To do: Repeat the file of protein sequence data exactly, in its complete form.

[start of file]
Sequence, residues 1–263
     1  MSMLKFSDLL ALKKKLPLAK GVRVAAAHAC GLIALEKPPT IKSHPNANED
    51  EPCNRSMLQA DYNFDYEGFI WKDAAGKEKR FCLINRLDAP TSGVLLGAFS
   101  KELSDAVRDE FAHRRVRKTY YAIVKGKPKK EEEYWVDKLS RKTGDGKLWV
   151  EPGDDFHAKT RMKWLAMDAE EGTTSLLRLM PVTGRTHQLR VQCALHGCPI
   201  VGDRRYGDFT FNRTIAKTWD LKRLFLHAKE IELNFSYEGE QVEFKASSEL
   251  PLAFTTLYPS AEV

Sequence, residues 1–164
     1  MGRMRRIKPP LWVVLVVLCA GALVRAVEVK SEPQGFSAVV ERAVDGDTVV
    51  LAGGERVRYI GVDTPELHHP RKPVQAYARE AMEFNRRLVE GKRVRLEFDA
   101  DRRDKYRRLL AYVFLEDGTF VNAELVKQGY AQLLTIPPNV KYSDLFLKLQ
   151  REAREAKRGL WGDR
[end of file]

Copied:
Sequence, residues 1–263
     1  MSMLKFSDLL ALKKKLPLAK GVRVAAAHAC GLIALEKPPT IKSHPNANED
    51  EPCNRSMLQA DYNFDYEGFI WKDAAGKEKR FCLINRLDAP TSGVLLGAFS
   101  KELSDAVRDE FAHRRVRKTY YAIVKGKPKK EEEYWVDKLS RKTGDGKLWV
   151  EPGDDFHAKT RMKWLAMDAE EGTTSLLRLM PVTGRTHQLR VQCALHGCPI
   201  VGDRRYGDFT FNRTIAKTWD LKRLFLHAKE IELNFSYEGE QVEFKASSEL
   251  PLAFTTLYPS AEV

Sequence, residues 1–164
     1  MGRMRRIKPP LWVVLVVLCA GALVRAVEVK SEPQGFSAVV ERAVDGDTVV
    51  LAGGERVRYI GVDTPELHHP RKPVQAYARE AMEFNRRLVE GKRVRLEFDA
   101  DRRDKYRRLL AYVFLEDGTF VNAELVKQGY AQLLTIPPNV KYSDLFLKLQ
   151  REAREAKRGL WGDR